• I would like to respond to the comment made by Denis. As the family member of a medical professional, and as a mother of college-age children who would like to go to medical school, I can tell you with certainty that many qualified American students are denied entry to medical school. These students have achieved high honors in college, are active in volunteering and research as undergrads, and are qualified in every way to attend medical school. It is true that there are only a certain number of slots, and these well-qualified American students can’t get into them. I base thes comments on actual observation and experience. Not only is this happening in professional school, it is also happening at the undergraduate level. When I went on an official college visit to Carnegie-Mellon University with my child, the presenter stated that they were trying to grow heir international population. It doesn’t take a lot to figure out that, given the limited number of slots, if two students are basically equivalent, the international student will be chosen over the student from the US. One of my children had perfect scores on both the ACT and SAT, played a sport in high school, received an award for volunteering, was a leader on the school robotics team, and completed the International Baccalaureate diploma, and he wasn’t even even deferred or wait-listed there. I am not trying to brag about my child, my point is to illustrate how serious the problem is with international students taking limited slots both at the undergraduate and graduate levels at universities in our countries. This forces well-qualified American students to attend schools that are not top-tier, or to pursue other fields, when international students are given preference. My peers and I are living through this right now and have to see our children experience the heartbreak of finding out they can’t attend the same school as their parents. It all boils down to money – the schools make more on international students than those from he US, which in essence, gives preference to them over equally-qualified or even in some cases, more highly-qualified students from our own country.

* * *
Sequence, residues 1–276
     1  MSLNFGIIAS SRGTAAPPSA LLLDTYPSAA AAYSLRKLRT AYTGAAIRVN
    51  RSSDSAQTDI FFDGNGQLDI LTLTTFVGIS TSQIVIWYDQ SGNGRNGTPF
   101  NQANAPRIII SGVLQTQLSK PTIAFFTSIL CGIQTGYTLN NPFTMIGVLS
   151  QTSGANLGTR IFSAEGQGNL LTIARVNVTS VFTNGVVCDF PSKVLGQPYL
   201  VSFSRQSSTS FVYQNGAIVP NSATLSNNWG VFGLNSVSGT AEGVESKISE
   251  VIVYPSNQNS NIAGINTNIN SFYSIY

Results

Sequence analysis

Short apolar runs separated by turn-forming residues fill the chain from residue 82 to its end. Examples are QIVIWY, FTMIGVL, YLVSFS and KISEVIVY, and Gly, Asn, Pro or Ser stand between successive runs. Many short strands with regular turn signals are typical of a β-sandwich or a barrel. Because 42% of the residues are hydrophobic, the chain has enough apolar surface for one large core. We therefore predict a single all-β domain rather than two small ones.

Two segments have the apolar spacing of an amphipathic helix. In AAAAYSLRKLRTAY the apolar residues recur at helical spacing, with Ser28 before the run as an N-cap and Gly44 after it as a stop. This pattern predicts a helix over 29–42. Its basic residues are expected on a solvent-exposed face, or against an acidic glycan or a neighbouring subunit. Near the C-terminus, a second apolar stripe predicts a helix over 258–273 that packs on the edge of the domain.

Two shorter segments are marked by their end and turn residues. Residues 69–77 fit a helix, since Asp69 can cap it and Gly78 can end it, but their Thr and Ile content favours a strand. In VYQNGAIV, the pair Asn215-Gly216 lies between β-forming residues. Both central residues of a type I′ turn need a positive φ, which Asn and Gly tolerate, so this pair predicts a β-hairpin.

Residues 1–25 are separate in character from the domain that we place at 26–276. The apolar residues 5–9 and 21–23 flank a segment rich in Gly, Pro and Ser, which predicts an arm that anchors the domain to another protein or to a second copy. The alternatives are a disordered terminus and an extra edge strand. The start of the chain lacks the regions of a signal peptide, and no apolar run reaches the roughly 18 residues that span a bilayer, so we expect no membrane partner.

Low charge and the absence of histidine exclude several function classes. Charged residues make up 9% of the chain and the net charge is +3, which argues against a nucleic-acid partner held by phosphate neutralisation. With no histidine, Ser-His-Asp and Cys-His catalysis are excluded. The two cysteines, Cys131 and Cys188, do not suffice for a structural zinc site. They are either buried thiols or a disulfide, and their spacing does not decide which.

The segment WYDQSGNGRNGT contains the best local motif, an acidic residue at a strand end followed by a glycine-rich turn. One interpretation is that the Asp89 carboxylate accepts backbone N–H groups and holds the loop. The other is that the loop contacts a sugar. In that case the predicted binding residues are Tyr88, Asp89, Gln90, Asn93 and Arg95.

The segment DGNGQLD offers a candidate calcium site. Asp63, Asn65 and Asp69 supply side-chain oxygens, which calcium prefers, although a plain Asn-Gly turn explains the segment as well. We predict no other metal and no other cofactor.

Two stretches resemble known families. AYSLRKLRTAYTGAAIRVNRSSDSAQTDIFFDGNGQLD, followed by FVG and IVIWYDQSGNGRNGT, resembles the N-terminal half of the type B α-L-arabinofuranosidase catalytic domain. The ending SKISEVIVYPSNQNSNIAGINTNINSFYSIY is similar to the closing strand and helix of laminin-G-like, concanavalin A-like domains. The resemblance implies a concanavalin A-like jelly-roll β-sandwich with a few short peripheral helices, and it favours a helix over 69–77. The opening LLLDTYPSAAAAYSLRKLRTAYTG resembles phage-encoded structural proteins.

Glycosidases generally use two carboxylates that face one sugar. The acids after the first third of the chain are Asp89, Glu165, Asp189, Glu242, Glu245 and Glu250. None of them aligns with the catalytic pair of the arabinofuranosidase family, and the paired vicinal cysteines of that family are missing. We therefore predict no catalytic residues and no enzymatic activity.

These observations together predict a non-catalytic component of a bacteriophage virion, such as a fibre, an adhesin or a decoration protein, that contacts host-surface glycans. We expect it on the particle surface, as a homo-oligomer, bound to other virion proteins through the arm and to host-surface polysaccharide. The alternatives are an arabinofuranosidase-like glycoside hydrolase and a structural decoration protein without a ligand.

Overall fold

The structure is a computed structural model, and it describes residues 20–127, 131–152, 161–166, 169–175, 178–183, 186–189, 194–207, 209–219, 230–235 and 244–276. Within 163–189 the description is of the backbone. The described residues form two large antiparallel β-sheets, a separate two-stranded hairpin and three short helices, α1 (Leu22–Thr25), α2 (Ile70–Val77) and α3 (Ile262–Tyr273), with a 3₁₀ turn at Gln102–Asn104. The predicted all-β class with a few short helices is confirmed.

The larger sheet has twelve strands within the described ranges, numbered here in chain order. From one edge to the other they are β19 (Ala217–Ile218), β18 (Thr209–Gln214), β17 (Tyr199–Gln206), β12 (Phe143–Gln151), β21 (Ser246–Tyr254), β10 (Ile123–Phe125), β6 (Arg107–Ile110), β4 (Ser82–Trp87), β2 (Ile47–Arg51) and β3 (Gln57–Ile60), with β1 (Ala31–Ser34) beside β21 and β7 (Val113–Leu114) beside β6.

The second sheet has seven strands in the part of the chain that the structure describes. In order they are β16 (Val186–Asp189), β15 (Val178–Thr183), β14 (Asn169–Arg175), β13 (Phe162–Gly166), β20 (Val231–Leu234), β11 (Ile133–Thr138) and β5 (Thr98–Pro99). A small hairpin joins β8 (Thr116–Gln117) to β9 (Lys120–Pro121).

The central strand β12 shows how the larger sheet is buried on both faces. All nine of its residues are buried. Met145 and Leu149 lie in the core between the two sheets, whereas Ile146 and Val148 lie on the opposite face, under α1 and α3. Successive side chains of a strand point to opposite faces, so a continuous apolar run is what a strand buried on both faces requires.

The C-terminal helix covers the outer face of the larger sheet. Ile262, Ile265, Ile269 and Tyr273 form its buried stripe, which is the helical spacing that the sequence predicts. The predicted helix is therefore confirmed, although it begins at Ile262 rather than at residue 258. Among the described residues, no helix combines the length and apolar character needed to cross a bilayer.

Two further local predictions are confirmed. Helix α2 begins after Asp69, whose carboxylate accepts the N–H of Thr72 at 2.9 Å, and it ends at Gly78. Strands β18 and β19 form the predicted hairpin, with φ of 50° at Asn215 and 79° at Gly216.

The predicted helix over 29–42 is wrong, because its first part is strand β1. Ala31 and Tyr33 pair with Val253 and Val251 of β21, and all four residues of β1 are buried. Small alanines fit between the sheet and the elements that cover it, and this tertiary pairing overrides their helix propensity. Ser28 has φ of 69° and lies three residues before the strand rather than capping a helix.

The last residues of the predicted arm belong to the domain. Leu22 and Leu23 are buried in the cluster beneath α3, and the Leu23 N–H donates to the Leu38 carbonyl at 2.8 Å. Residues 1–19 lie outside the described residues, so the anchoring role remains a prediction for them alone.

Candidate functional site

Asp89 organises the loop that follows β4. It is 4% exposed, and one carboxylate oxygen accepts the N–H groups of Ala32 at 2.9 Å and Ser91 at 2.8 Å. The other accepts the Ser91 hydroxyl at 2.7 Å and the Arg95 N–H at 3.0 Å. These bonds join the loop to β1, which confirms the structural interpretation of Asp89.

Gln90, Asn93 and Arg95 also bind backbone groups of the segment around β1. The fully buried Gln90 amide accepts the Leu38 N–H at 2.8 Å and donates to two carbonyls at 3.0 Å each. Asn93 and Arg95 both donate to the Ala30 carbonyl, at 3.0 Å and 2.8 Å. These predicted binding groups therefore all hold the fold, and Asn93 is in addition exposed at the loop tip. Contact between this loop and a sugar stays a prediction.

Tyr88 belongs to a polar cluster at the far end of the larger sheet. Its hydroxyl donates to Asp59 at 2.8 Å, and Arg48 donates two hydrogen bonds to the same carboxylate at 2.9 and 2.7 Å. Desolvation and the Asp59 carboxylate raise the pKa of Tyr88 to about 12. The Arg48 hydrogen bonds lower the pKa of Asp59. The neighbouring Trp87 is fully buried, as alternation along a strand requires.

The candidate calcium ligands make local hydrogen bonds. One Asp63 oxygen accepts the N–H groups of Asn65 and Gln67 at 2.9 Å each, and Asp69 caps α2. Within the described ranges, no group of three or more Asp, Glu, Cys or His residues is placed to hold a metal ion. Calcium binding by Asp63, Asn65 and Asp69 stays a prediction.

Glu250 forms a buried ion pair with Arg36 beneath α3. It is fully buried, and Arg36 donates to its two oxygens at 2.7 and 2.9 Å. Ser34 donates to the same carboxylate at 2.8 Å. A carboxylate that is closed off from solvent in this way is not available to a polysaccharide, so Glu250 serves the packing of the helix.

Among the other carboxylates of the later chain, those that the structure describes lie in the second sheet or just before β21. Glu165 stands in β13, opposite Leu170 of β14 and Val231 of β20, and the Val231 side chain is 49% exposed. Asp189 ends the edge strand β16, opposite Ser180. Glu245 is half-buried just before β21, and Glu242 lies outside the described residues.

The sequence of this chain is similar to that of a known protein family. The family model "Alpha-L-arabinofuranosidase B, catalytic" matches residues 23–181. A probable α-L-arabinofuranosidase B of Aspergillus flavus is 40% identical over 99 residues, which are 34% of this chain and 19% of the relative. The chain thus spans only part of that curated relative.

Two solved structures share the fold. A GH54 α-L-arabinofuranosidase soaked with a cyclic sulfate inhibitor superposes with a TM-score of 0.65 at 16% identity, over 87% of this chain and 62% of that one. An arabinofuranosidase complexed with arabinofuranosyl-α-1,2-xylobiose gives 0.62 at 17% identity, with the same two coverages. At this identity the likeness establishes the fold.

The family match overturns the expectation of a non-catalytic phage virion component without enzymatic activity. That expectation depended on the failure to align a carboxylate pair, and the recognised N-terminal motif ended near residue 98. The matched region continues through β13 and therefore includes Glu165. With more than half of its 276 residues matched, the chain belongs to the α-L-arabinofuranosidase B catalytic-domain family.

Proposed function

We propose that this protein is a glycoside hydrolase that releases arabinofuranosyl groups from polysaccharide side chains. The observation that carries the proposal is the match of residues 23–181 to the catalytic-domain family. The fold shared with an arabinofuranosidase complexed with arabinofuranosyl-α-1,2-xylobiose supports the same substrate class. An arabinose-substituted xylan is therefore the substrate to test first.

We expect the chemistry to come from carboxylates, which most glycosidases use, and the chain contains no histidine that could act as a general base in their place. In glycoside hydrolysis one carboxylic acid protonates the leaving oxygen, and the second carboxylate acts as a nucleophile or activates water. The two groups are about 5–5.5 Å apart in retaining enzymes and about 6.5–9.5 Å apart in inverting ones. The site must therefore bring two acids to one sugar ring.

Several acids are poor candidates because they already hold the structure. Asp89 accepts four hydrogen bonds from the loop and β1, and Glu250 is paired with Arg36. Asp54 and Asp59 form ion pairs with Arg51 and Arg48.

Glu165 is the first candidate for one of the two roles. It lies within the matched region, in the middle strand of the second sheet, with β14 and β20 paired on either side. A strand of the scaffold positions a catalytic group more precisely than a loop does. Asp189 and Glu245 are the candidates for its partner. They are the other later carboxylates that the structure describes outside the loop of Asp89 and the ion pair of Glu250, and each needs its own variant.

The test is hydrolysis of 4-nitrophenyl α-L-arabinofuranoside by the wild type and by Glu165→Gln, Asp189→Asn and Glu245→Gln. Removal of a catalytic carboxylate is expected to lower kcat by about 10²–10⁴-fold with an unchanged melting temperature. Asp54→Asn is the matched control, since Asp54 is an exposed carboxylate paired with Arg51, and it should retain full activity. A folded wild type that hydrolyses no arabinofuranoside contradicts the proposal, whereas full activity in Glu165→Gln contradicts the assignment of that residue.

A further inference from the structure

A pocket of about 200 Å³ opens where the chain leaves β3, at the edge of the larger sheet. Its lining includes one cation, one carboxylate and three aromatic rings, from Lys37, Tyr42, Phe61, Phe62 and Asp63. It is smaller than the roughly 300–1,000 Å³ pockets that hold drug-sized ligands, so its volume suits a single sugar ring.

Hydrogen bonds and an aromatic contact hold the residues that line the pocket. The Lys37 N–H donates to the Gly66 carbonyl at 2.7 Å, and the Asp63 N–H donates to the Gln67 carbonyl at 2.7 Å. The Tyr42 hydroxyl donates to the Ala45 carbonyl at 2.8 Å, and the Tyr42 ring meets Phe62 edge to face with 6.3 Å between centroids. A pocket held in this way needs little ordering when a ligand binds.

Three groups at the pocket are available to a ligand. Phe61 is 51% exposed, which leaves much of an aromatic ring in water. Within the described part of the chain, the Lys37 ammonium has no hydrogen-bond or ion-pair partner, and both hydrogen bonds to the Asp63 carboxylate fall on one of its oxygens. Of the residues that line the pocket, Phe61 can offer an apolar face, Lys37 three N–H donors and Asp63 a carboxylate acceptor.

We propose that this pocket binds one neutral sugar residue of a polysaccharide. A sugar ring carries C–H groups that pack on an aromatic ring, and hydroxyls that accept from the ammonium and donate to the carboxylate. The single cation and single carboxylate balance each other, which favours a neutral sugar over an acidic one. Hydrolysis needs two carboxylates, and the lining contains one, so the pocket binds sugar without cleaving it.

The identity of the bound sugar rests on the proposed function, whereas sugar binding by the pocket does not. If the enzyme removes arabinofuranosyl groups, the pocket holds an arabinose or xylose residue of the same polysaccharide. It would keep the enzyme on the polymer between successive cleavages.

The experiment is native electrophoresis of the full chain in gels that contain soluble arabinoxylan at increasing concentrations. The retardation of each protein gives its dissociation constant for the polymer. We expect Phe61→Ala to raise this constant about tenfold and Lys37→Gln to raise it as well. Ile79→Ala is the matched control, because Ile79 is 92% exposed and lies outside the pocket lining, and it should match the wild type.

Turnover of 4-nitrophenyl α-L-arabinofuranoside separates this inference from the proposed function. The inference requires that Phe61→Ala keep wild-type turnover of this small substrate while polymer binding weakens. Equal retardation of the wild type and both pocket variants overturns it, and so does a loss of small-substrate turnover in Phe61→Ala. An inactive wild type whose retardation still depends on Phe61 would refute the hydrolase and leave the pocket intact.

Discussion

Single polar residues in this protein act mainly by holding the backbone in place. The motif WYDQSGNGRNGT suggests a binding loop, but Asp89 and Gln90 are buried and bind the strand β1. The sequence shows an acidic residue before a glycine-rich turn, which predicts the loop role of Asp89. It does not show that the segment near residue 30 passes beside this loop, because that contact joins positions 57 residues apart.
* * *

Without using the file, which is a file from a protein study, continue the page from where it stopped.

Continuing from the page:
• It is clear that neither you or “concernedforamericans” have a good grasp on how selection for residency works in the United States. It is not like the selection process for undergraduate university at all. As an American grad who recently matched into residency I know the process very well. Foreign grads (IMGs) who wish to match into American residencies are at a significant disadvantage compared to American grads. In order to even be considered at most programs their grades and USMLE scores have to be SIGNIFICANTLY higher than their american counterparts. If a program were looking at two “equal” candidates with identical grades and board scores, they would choose the american student, hands down. Suffice it to say that any IMG that matches into a residency program in the US is far more qualified than any of their american grad counterparts and definitely deserves a spot. They are not stealing our jobs. They are qualified candidates who have impressive applications that show that they can contribute to and improve the quality of our healthcare system.

      And to “concernedforamericans” point about it all boiling down to money – it is far more expensive to hire an IMG for a residency spot than it is to hire an american grad. They have to sponsor your visa. Which is part of why it is so difficult for an IMG to match here in the US.

    • There are far more residency spots than can be filled by US medical school graduates. Also, in many parts of this country, we heavily rely on doctors who have come from other countries to care for people, especially in rural areas, often because they are the only ones willing to take those jobs. The bottleneck is at the medical school level, not at the residency level. There are too few medical school spots, which has nothing to do with the current situation that is being discussed. As someone said, a US medical school graduate will nearly always be chosen over an international graduate for residency unless the international graduate is significantly more qualified, and in many circumstances, not even then. If you graduate from a U.S. medical school, you will be able to match into a U.S. residency unless you are facing major legal issues or some other extreme situation. No one’s career gets put on hold indefinitely. Lastly, while I appreciate a sense of nationalism, we all need to recognize that those of us who were born in this country were born here by pure LUCK. We could have just as easily been born in a country where we would live in profound fear every moment of every day and/or where there are far fewer opportunities for advancement. Think of it as soul roulette– your “soul” could have very easily been connected with a body in Sudan.